May Day in Bogota
I saw this G.K. Chesterton quote last night: “The traveler sees what he sees, the tourist sees what he has come to see.”
So far, Chris and I have seen things that we could have never expected, but wouldn’t want it any other way.
Our first day in Bogota and we’ve. been greeted with rain and by hundreds of police officers in riot gear and thousands of people gathering in the Plaza Bolivar for the annual May Day parade, a gathering of leftists of all kinds. The Lonely Planet guide says, “Don’t tell mom if you’re attending this one.”
It is a bit chaotic, to be sure. The military has rolled in with their huge tanks equipped with water cannons to spray the crowd should things turn ugly, but so far, it’s been pretty peaceful. There was a tense moment where I was ready to duck behind a truck when a group of people were running through the street being chased by motorcycle cops.
On top of May Day, it’s also the Colombian Labor Day, so people are lobbying for higher salaries. All worthy causes, to be sure, but this also means that everything is closed today. Chris and I had grand plans to hit a few of the museums with a Brazilian couple, Geiza and Paulo. Everything is closed.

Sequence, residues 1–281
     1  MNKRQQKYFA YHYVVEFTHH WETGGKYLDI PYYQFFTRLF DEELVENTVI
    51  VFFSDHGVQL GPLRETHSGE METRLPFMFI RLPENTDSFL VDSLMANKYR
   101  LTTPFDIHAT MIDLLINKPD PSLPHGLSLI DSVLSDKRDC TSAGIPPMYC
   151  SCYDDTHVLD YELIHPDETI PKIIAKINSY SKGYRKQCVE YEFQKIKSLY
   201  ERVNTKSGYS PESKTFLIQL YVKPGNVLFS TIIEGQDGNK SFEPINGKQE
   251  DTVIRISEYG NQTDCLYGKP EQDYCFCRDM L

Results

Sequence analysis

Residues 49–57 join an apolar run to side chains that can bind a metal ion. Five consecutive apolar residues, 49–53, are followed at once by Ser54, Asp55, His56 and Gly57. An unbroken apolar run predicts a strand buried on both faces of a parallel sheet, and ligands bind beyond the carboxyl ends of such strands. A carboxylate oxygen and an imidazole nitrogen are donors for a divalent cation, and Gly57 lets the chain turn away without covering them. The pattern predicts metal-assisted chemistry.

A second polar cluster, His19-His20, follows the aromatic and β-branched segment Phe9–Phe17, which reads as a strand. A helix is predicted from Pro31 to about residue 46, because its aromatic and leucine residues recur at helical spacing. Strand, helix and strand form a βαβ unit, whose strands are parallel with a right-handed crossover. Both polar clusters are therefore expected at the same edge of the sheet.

We did manage to find a cafe serving a local specialty: Chocolate Santaferena–hot chocolate served with chunks of cheese at the bottom. Geiza let me sample her aguapanela, which is raw, unrefined cane sugar cooked in boiling water. Tasty.
Even though our plans have changed because of the holiday, it’s definitely a good thing. We’re just chillin’ and taking things slow, which is great because the altitude is giving me a slight headache.
In just a short few hours, we’ve already made many new friends, and I’ve even reconnected with someone I met three years ago in Morocco.
We were supposed to have been staying in the same hostel, but when we arrived last night, the hostel was full and they sent us over to their more upscale hotel called Casa Platypus. But they are charging us the hostel price.
Anyway, when we got up this morning, we had to go back over to the hostel to pay a bill, and a woman sitting in the lobby asked if we were looking for Matt. She recogized me from my Facebook profile pic apparently. Matt was still asleep after staying out all night, she told us. When we returned at lunchtime, he had just gotten up, but enthusiastically embraced the idea of going to lunch.
A group of six of us shared lunch and horrendous travel stories about people getting robbed or stabbed. “Why do we travel then?” I asked. The resounding answer was that the reward is greater than the risk.
There’s nowhere that you can feel that more than in Colombia. “This is my favorite country,” Matt says. “I love it here.” This coming from a man who stepped through a puddle of blood on the way back to the hostel last night–thankfully not his own.